Luke Nicoli continues his regular darts blog at, with part two of a chronological look at dart evolution and the game’s various accessories…

The 1980s sparked a technological revolution, where home computers topped every youngster’s Christmas wish list, and phones went mobile to become a must-have accessory for every Filofax-holding ‘Yuppie’.

Indeed, technology had started to envelope every aspect of modern life including the darts fraternity; with Harrows re-branding to become known as Harrows Darts Technology as advances were made, both in terms of quality of product and number of lines produced.

“The 1980s was the decade when things really started to take off from our perspective,” recalls Harrows Sales Director Robert Pringle. “We initially traded under Harrows: with a sub heading of ‘Pure Dartsmanship’, tapping into what old-school players might regard as the ‘traditional way’, but we realised as the world was getting more sophisticated, we needed to create a more modern image, so we rebranded to Harrows; with the sub heading of ‘Darts Technology’.

“Computers were now coming into play and basic computer-aided design was now being utilised. Initially we contracted out most of our design but by the end of the decade we had established our own in-house graphics team.”

The Harrows design team would also have a new variation of darts to contend with by the early 1990s – soft tip electronic darts. It proved to be extremely popular in the Far East, continental Europe and North America, opening up entirely new markets and ones that flourish to this day.

“Soft tip was very good because it brought in lots of new players who had never played traditional darts in their lives. They were therefore more open minded with regards to what a dart should look like,” Robert adds. “It also brought in a younger player demographic and gender mix. Traditionally, the mix is 90/10 male to female in steel tip, whereas soft tip became 60/40. We found that, certainly with the 17-20 female age group in Asia, darts had also become a lifestyle. The players would have several sets, all colour coded, which opened up lots of commercial opportunities for us.”

Soft tip boards were sensitive in their early incarnations but strides were quickly made to ensure the darts did not damage the electronics of the board. The Nineties also witnessed a change to the tradition bristle dartboard, with its round wire dividers, which caused a lot of bounce-outs, being superceded by more technical wiring systems. Certainly for the bigger televised events, knife wire dividers embedded in the surface of the board, became the order of the day, and a big seller for Harrows.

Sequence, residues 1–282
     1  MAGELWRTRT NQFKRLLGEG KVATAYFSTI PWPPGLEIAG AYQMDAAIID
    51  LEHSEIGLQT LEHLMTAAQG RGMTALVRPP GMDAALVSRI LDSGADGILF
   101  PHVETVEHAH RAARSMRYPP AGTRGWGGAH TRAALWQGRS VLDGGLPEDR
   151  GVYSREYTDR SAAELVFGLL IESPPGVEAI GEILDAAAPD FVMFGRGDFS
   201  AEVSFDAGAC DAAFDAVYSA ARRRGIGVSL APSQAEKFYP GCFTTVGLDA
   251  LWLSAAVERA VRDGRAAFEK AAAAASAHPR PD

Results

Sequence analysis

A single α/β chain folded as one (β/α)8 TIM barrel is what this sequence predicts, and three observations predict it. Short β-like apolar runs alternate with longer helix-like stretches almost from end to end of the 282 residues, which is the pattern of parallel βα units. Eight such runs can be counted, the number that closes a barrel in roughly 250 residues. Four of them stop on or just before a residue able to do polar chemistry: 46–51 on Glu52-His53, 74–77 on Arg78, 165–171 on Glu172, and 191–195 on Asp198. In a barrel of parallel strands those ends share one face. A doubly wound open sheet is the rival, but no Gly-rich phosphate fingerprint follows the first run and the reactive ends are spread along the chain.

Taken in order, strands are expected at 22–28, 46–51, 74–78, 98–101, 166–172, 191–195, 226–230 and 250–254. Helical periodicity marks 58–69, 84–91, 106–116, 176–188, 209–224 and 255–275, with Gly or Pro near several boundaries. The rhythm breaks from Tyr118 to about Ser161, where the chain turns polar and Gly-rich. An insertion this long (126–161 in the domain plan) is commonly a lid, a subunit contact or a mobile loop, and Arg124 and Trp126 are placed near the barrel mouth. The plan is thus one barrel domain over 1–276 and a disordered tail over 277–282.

“With the new board, the scoring areas had increased by 25-30 per cent and the chances of a bounce-out dramatically reduced,” adds Robert. “If you look on YouTube at the early 1980s tournaments, there could be up to three bounce-outs in one game, whereas now it’s a talking point if it happens just once. The scoring averages went up as a result, which is why you can’t compare Eric Bristow in the 1980s to the scores achieved today. We now see higher scoring and more continuity of play, which can only be a good thing.”

With the Bristow prototype parallel dart still the default setting for every dart produced, there was certainly a change in barrel design as we turned into the new millennium. Traditionally, a billet of tungsten was machined, with cuts added, but the boundaries were now being pushed further.

“As we moved from the late 90s into the early 2000s, we started producing barrels that were second-operation coated, which gave players a non slip grip. The craving for colours and fashion, that we had seen in soft-tip darts, also transcended to steel tip. We found that if you titanium nitride coated a barrel black you could recut it, to reverse the silver out that was beneath. We then started to utilise other titanium nitride coatings in gold, copper and various other crazy colours. They became a very cool addition to our product line and certainly appealed to the younger generation of player.”

Read more from Luke on the history of Harrows  – Feathers and Cane to Titanium and Tungsten

Come and join the conversation on Harrows social media channels: 

Twitter@HarrowsDarts Facebook: harrowsdarts and Instagram: harrowsdarts